The Harlem Shake: Marketing ‘Madness’
I’ve missed a few good blogging opportunities this past month, Pancake Day came and went and I didn’t take a snap of my favourite recipe and topping (nor did I eat any, so all in all it would have been a rubbish post), Valentine’s Day totally passed me by without feeling the need to voice my opinion on the strange things that supermarkets suggest we buy for our lovers (Disaronno?!… Disaronno?!), and I just never did pen that post on Beyoncé and her Marmite-esque personality: so many things to love, yet so annoying simultaneously.
Which brings me to the Harlem Shake. Finally, something I feel strong enough about to deserve a post.
As well as being a song doing quite well in the UK charts, it’s also a YouTube sensation. I’m not quite sure why everyone started creating these videos of the Harlem Shake, but there are trillions of videos of people standing around until the beat drops in the song and they go wild.
My main gripe isn’t with your average person dancing to it in their living room – it looks like a fun way to pass the time – dressing up, dancing crazily, throwing things up in the air, what’s not to like? It’s when companies latch onto these crazes you know it’s gone sour.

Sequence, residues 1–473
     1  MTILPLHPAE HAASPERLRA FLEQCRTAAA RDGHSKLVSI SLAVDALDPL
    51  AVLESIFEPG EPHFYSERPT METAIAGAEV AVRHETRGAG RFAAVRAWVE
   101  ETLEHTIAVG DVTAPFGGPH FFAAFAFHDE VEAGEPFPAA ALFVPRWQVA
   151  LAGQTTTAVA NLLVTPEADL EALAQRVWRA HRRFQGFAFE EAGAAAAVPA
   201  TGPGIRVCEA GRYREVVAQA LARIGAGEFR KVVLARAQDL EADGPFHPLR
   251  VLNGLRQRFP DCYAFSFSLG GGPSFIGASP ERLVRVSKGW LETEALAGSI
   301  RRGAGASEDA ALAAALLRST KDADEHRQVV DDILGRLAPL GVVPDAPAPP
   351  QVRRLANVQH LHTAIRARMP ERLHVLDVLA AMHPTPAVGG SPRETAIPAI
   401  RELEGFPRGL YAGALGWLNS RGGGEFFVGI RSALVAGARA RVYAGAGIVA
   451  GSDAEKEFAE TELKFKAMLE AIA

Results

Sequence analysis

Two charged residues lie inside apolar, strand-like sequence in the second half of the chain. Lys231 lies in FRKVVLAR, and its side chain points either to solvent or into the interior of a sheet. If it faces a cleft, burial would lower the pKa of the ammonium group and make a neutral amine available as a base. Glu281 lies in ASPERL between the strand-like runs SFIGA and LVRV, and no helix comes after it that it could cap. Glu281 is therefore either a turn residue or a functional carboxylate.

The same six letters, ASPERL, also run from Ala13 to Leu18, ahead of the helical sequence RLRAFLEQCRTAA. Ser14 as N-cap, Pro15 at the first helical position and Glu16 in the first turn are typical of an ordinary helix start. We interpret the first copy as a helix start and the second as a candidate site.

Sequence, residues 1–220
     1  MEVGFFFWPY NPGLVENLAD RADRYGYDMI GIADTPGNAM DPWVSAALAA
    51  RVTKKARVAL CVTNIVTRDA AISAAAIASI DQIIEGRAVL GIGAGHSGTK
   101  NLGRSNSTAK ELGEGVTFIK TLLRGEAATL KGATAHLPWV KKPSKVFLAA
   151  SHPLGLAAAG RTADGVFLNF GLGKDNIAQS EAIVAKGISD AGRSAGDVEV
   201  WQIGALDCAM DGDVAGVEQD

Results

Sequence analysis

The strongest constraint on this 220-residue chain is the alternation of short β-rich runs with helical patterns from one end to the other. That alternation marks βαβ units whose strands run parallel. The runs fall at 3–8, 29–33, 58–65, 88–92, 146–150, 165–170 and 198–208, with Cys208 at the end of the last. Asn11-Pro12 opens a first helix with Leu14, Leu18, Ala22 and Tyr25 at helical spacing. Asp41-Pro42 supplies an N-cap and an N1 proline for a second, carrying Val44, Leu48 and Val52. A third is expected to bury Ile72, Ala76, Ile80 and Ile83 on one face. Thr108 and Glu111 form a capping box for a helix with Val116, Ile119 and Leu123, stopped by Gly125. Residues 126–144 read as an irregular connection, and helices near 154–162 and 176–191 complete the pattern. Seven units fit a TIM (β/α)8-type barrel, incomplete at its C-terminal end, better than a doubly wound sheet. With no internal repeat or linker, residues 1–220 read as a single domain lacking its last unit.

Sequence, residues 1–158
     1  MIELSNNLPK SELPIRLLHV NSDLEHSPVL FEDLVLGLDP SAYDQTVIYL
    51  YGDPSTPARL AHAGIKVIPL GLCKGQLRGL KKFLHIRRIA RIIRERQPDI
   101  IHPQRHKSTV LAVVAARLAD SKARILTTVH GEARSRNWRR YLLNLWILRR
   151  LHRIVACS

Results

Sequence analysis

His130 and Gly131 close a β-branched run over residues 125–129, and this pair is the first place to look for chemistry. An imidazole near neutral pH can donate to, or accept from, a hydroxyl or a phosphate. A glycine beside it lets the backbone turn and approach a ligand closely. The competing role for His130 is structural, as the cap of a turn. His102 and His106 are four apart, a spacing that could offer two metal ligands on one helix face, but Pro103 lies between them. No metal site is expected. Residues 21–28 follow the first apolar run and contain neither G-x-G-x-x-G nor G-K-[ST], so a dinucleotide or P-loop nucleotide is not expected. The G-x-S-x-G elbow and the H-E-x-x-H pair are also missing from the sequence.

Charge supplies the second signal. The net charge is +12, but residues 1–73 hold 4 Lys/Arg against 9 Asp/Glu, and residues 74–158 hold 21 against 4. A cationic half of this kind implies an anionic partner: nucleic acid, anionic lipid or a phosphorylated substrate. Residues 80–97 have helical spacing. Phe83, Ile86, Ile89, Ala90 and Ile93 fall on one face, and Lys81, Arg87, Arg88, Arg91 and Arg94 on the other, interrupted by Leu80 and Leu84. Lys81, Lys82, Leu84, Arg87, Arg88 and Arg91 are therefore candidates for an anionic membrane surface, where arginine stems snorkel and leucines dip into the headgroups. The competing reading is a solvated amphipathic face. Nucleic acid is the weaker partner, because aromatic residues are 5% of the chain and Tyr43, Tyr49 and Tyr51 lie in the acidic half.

From the handful of videos I’ve had the displeasure to stumble across, half of them have been made by businesses who have strategically placed some company signage in the video, then posted it onto a social media platform with the tagline ‘look at us all go crazy, aren’t we fun?!’. The people who randomly decide to do it in their living room – that’s fun; the kids dancing to it on the street – that’s fun; the companies who drain the purity of doing something spontaneous by trying to subliminally promote their business – that’s when I turn off.
It also feels a little too soon after the altogether superior internet sensation, Gangnam Style, to be bringing out another one of these internet memes. Gangnam Style worked because there had never been an internet sensation like that before, or at least there hadn’t been a dance craze that every single person recognised in a while. The Harlem Shake is simply latching onto Gangnam’s success and without as much effect.
Even DJs who work on the Radio 1 Chart Show speak in a lacklustre tone when describing the Harlem Shake, predicting that there’ll be masses of videos produced by everyone from your postman to your Nan. Basically inferring that doing this dance craze is predictable and boring, and in profit-making organisations (including Universities) doing their own version of the Harlem Shake, they aren’t really being innovative and have quite the opposite effect of standing out.
All in all, it would be cheaper and have as much effect to buy a huge sticker saying ‘You don’t have to be crazy to work/study here but it helps.’. Anyway, when a dance move is performed I like to see it done properly, not some watered-down version which I can hardly imagine was ever performed in Harlem.